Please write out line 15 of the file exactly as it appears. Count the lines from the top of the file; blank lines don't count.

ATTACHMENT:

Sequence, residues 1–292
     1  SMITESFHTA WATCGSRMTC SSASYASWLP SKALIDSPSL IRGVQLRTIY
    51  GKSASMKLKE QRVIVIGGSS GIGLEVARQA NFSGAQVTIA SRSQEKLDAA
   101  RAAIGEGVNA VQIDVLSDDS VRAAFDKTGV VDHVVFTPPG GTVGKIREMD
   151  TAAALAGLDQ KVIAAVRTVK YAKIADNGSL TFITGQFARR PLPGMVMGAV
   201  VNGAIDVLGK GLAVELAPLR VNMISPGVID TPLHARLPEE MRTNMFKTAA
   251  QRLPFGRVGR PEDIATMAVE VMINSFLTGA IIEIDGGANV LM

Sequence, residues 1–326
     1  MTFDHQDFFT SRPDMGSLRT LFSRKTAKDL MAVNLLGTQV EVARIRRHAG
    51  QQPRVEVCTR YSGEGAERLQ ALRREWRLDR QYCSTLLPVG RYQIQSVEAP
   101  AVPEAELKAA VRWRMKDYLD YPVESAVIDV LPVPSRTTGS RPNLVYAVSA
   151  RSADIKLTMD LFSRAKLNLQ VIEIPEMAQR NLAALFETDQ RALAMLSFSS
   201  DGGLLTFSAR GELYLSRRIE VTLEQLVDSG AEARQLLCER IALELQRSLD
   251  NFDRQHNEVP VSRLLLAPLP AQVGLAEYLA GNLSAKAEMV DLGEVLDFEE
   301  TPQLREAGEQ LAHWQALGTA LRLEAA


   301  TPQLREAGEQ LAHWQALGTA LRLEAA